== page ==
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Scener has raised $2.1 million for its co-watching virtual theater platform, which lets people watch movies together remotely. The Seattle company has experienced massive growth since the onset of the pandemic, with almost half a million active Chrome installs and over 13.5 million viewer minutes per week.

During the COVID-19 crisis, Scener has rolled out support for bigger co-watching parties, which will allow viewers to watch synchronously with a live host, or a live group, over video chat. A webcam is required for video chat, and headphones are recommended. You can also engage in video, audio, and text chat.

Scener said the money would help it scale from a co-watching tool to a global community platform. It will enable creators to curate, host, and share watch parties for up to a million audience participants. As an example, a comedian could give a continuous monologue as everyone in the audience watches in real time.

“We’ve been seeing an uptake around the world,” Joe Braidwood, chief operating officer at Scener, said in an interview with VentureBeat.

Seattle-based SeaChange led the funding round, with participation from Real Networks CEO Rob Glaser’s Glaser Investments, Jason Calacanis’ The Syndicate and Launch, the comedy commentary company RiffTrax, and angel investors such as RiffTrax CEO David Martin and technology executive Sriram Krishnan.

Above: You can video chat with your friends while watching movies on Scener.

Image Credit: Scener

Scener will use the funding to accelerate product development for its social platform and further develop its events and community of watch party hosts, with the goal of creating a nightly destination for collective entertainment viewing. The tech wasn’t easy to get right.

“The most important thing is synchronizing,” Braidwood said. “If you’re watching Breaking Bad, and I’m watching Breaking Bad, it’s important we see the same thing at the same time. That’s the backbone of what makes our technology work.”

The majority of users are engaging with each other on video chat, Braidwood said.

Above: You can do private chats with friends on Scener.

Image Credit: Scener

Creators can set up a profile at to host public or private watch parties. Scener’s virtual theaters can theoretically hold up to 1 million viewers with live video chat and interactive messaging features running over synchronized playback of the streaming content.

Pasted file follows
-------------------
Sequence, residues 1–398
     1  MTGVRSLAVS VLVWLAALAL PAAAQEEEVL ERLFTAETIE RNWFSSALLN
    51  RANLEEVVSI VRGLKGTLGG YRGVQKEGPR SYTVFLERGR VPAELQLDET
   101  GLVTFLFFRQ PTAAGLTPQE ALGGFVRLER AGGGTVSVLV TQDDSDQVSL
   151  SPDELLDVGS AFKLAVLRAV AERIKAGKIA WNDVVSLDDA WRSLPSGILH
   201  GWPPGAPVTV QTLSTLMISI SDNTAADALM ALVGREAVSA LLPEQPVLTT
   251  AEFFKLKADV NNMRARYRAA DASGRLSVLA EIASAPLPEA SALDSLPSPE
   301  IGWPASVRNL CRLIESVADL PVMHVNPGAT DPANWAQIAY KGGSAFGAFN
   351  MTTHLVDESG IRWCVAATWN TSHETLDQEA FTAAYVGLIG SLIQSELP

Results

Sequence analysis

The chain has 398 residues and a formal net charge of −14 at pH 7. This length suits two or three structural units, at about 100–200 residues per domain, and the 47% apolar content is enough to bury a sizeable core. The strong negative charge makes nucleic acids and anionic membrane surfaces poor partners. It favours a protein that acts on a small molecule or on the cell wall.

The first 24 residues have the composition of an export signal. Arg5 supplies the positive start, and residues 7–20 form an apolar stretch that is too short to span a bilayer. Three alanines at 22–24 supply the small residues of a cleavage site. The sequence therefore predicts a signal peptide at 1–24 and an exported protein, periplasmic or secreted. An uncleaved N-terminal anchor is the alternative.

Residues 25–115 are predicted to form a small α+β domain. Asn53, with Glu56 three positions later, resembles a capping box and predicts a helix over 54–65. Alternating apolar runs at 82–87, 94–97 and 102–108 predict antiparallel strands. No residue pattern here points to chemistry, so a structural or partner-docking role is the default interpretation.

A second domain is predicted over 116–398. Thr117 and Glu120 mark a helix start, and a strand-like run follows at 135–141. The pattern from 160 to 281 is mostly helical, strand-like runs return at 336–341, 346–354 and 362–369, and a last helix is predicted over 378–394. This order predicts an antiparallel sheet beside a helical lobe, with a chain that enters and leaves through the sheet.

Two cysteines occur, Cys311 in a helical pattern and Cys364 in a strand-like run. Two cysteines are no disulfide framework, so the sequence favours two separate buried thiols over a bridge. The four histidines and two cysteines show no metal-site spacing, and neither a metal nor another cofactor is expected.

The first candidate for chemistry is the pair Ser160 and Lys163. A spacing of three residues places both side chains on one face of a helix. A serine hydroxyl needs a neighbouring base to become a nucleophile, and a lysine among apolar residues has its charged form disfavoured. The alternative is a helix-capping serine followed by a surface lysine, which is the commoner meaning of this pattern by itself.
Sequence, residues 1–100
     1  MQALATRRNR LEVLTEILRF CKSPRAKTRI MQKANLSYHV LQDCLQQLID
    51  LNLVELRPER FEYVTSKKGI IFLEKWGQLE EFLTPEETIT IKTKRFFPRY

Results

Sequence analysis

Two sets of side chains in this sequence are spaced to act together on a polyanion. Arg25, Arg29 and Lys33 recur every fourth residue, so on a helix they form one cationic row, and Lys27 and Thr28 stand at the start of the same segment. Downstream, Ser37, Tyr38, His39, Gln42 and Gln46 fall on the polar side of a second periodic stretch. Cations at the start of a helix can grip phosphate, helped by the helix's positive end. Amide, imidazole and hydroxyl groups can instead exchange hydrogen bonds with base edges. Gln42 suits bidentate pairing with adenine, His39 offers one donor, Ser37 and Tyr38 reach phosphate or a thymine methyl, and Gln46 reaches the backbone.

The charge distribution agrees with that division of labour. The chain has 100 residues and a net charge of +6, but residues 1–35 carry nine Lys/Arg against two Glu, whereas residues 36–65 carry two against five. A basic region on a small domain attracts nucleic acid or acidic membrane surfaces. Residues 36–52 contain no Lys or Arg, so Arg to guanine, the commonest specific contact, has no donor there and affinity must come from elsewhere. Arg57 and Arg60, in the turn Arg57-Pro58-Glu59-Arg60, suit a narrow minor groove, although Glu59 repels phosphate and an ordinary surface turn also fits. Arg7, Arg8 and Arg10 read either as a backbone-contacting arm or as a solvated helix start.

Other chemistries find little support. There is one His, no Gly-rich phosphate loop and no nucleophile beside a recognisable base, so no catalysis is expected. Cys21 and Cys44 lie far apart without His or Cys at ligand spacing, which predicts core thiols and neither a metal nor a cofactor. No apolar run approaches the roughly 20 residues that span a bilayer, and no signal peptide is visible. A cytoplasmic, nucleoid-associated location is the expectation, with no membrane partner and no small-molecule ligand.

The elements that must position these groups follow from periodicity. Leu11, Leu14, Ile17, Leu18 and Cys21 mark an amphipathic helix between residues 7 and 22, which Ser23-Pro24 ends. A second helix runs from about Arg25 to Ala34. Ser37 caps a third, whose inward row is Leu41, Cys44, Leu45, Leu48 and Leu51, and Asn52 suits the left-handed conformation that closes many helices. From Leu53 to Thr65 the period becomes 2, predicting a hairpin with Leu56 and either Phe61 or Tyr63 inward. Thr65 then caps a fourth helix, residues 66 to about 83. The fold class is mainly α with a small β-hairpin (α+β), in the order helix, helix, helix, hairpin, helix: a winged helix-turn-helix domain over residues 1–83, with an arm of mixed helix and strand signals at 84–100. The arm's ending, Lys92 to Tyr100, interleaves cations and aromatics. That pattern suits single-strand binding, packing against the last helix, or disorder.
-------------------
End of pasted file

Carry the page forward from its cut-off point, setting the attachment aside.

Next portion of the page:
During October, Scener is debuting its watch party series Stream & Scream, which will bring Halloween celebrants together to enjoy horror movies together. The programming will feature a slate of watch parties including the premiere of The Haunting of Bly Manor with an unannounced, surprise guest from the cast; Anna and the Apocalypse with actress Sarah Swire; Scary Stories to Tell in the Dark with actor Gabriel Rush; and a live lockdown horror movie as part of this year’s Raindance Festival, In The Shadows It Waits, by writer-director Michael Beets.

“Because of our unique position as being a video chat or co-watching platform that works across all the different services, I can watch your face and laugh when something gross happens,” Braidwood said. “When there are jump scares, we can all get excited. I’m looking forward to being terrified.”

RiffTrax is partnering with Scener to show its comedic live Riff commentary synchronized with movies on the major streaming services. Martin said RiffTrax has waited 14 years for this “perfect sync” technology to exist in a watch party environment.

“They did a big test where 1,000 people showed up to test out a version of the software that is just rolling out,” Braidwood said. “It’s a really amazing experience where you have these comedians who have these performances that they’re doing live over video chat. They are designed to be synchronized in the movie. And that’s obviously something that the Scener platform makes possible now.”

Scener debuted with Netflix and now supports over 10 major streaming services, including Disney Plus, Prime Video, Alamo On Demand, Hulu, and YouTube. Braidwood said he can’t talk about any living room deals yet, but the company would love to work with parties such as Roku or Apple TV.

“We also rolled out this week a big update to the product, which brings social profiles and scheduled events to the core of the user experience, as well as extending support to over 10 services,” Braidwood said.

The company has five employees and it first rolled out in 2018, after being incubated by media streaming pioneer RealNetworks. The service is free for now and Braidwood said that the company would reveal monetization after it grows to a larger scale. Justin Kan, the founder of Twitch, has become an adviser for the company.

Rivals include Netflix Party and Hearo.Live. Streaming services like Disney+, Hulu, and Prime Video are expected to add their own native group-watching features as well. “What’s different right now is that the pandemic is here, and we see ourselves fitting in as a horizontal solution that can go across the services,” Braidwood said.

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